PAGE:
Practical Support

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Who to tell

The Police

  • When a death occurs that may be suicide, the police may:
    Ask you questions to explore how the person who has died was acting in the days and weeks before their death.
  • Ask you to help them confirm the person’s identity, either by seeing them and confirming who has died, or by providing photographs. This may happen immediately if you found the person, or you may be asked to go to the mortuary to do this.
  • Take away any items that could be connected with the death. If the Police take anything away with them, they will return it.

You may want to note down the name and contact number of the officer in case you have any questions after they have gone.
The deceased person’s body will be taken to the local mortuary.

The Coroner

In England and Wales, sudden and unexplained deaths are reported to the coroner. The coroner may decide to investigate, in which case the death cannot be registered until this is completed.
When a death is investigated by a coroner, the coroner’s officer will contact the next of kin, where possible, within one working day of the death being reported, to explain why the death has been reported and what is likely to follow.
The investigation may take time, for example in cases where there is to be an inquest. You could speak to the coroner’s officer about how to make funeral arrangements and inform services about what has happened, as well as any other concerns and questions you may have.

More information about coroners and inquests is provided at https://www.gov.uk/after-a-death

The Post Mortem

Sometimes the coroner will decide to request a post-mortem examination to be clear about how the person died. By law, the coroner is not required to obtain your consent to this, but will give you a reason for his or her decision. Wherever possible the coroner’s office will, on request, tell you when and where an examination will be performed. If the post-mortem examination can establish the cause of death, a coroner may decide the investigation is complete or that further investigation is unnecessary.

Arranging the funeral

Even if the inquest has not yet been opened, you can talk to a funeral director to start planning what happens next.You should contact a funeral director who is a member of a recognised trade association, such as The National Association of Funeral Directors.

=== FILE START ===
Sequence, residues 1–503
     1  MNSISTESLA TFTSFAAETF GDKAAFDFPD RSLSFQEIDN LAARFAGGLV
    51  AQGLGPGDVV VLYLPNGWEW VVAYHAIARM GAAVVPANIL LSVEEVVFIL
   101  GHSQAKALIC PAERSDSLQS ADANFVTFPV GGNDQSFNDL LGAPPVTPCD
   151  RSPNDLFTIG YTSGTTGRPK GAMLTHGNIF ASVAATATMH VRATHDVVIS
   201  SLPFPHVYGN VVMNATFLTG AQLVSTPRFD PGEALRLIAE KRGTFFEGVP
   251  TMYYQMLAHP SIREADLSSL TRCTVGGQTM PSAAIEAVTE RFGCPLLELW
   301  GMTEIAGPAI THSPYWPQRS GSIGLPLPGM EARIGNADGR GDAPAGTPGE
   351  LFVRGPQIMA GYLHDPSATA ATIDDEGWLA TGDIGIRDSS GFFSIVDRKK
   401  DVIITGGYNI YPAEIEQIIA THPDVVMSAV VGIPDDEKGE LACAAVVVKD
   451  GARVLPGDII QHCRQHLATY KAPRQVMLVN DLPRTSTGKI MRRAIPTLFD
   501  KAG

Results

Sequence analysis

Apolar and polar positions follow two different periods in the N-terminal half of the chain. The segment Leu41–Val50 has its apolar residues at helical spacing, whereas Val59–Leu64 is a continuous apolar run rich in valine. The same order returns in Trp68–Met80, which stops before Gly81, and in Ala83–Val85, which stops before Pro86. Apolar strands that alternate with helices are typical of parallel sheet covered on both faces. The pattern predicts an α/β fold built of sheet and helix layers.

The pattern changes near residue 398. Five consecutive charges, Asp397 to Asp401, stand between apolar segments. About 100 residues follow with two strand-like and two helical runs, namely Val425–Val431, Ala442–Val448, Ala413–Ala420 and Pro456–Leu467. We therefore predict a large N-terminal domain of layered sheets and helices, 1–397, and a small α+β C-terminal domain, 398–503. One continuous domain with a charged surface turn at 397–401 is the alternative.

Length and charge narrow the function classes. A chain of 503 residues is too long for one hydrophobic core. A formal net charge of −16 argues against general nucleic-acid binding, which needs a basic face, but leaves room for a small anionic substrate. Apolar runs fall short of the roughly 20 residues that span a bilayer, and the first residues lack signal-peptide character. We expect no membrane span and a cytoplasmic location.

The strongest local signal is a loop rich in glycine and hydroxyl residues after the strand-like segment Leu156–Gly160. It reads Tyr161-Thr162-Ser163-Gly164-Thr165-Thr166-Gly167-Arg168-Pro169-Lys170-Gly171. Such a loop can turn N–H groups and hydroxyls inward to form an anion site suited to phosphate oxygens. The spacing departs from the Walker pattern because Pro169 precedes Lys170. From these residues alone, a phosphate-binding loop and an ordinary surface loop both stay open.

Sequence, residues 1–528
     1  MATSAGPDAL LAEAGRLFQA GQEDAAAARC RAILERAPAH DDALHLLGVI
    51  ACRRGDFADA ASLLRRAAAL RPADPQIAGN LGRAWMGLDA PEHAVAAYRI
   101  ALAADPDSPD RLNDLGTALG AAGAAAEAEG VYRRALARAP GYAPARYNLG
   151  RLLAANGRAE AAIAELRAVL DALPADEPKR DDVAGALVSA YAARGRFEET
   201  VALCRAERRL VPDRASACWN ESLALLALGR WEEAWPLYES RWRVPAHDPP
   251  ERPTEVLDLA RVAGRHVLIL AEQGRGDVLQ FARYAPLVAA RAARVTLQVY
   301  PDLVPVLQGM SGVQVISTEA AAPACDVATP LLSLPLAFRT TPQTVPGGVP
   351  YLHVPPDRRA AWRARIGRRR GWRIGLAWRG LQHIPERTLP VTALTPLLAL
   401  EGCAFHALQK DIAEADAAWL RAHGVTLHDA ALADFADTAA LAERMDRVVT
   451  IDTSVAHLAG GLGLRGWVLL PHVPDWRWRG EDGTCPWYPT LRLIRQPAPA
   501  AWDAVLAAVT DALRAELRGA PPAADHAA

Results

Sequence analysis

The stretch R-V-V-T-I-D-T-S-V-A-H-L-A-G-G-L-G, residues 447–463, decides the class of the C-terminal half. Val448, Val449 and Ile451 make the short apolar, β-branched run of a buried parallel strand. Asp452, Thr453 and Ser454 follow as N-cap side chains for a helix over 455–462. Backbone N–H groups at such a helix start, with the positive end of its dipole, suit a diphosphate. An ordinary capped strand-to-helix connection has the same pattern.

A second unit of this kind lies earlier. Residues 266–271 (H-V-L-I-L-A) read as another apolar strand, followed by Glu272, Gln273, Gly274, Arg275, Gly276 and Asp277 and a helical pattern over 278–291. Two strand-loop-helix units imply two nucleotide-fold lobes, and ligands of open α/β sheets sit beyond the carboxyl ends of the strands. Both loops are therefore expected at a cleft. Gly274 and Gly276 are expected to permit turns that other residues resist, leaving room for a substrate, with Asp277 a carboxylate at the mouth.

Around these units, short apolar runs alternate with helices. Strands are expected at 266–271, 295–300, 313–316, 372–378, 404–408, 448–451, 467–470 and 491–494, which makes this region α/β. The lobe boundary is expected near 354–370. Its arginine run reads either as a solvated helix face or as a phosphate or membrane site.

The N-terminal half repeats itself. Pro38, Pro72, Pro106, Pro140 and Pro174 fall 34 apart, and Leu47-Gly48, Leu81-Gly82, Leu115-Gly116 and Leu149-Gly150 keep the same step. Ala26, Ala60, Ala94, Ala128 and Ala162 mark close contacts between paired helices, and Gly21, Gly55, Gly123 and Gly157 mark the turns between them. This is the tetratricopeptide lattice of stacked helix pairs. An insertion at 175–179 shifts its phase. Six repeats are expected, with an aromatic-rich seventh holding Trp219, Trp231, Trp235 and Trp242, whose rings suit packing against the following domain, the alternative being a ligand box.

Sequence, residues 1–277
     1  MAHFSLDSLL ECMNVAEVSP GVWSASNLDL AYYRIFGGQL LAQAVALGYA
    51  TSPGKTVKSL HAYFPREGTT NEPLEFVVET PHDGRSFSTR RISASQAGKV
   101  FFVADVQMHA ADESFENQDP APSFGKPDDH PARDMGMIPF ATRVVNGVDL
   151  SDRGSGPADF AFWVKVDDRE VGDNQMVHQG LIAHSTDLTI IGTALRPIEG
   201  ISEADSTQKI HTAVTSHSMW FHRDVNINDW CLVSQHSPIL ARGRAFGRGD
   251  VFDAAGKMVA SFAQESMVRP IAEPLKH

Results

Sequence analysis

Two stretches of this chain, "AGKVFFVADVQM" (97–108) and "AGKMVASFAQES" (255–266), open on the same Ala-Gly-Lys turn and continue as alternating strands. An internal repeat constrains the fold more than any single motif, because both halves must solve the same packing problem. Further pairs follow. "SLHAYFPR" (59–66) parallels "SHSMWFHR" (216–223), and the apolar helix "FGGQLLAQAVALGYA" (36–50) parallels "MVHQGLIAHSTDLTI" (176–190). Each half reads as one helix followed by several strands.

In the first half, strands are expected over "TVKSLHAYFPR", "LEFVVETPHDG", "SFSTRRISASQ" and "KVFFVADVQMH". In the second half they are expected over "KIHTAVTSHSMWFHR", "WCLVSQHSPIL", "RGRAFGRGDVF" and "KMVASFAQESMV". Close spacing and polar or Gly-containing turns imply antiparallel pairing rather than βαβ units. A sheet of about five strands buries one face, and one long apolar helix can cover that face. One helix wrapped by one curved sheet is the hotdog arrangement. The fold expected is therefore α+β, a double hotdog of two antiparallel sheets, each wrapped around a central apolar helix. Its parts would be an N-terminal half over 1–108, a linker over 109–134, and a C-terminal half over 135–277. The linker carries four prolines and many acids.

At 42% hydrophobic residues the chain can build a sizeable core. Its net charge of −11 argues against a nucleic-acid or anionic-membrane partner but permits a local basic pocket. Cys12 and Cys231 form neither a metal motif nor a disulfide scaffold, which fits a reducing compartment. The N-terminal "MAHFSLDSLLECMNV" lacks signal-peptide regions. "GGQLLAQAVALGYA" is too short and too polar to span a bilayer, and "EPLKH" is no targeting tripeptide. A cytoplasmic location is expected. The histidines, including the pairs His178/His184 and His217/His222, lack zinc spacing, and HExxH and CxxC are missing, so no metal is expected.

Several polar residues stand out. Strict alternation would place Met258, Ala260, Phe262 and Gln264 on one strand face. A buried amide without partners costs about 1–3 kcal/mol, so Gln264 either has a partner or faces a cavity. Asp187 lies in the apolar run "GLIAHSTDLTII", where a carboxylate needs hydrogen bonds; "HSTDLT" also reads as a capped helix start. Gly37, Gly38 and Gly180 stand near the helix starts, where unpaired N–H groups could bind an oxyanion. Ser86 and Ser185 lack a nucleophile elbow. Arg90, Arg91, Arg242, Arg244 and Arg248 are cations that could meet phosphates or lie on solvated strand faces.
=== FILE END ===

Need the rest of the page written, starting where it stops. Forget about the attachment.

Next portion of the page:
The coroner will issue you a certificate of the fact of death. This is an interim death certificate that will allow you to make arrangements for a funeral.

You might be able to receive some help to pay for the funeral; this Funeral Payment is paid after the funeral, to cover some of the cost. You can find out if you can get help on the government’s web pages about Funeral Payments.

The Inquest

An inquest is a public court hearing to establish who has died, and how, when and where the death happened. A coroner must hold an inquest if it wasn’t possible to find the cause of death from the  post-mortem examination, if the death is found to be unnatural, occurred in prison, police custody or in hospital, or if the coroner thinks there are grounds for further investigation.

It is not a trial and its purpose is to discover the facts of the death, not to apportion blame.

The coroner is required to start the process as soon as possible and this is known as ‘opening an inquest’. This is usually a brief meeting in the coroner’s court, allowing them to ‘adjourn’ (postpone) the full inquest to a later date to allow sufficient time for information to be gathered. You are entitled to attend both the initial and the full inquest and the next of kin will be informed of the date.

You do not have to attend – unless the coroner wants to call you as a witness. Many people do not attend the first, brief hearing but do attend the full inquest. The coroner’s officer will be able to discuss this with you. If you do wish to attend, it may be possible for you to visit the courtroom before the inquest begins so you can be familiar with its surroundings.

For more practical help and guidance on the inquest, conclusions from the inquest, the death of someone in mental health services, a death away from home and the death of a chid, please take a look at Help is at Hand. You can read, download and order a copy of Help is at Hand from this website, under “Support Guides”, or by following the link above.

Telling people

The bank/building society.

For most major UK banks and building societies, it is best to go into your local branch. For some banks, you can start by informing them of the person’s death online, but you may still have to go into the branch. It is best to arrange an appointment with the bank/building society of the person who died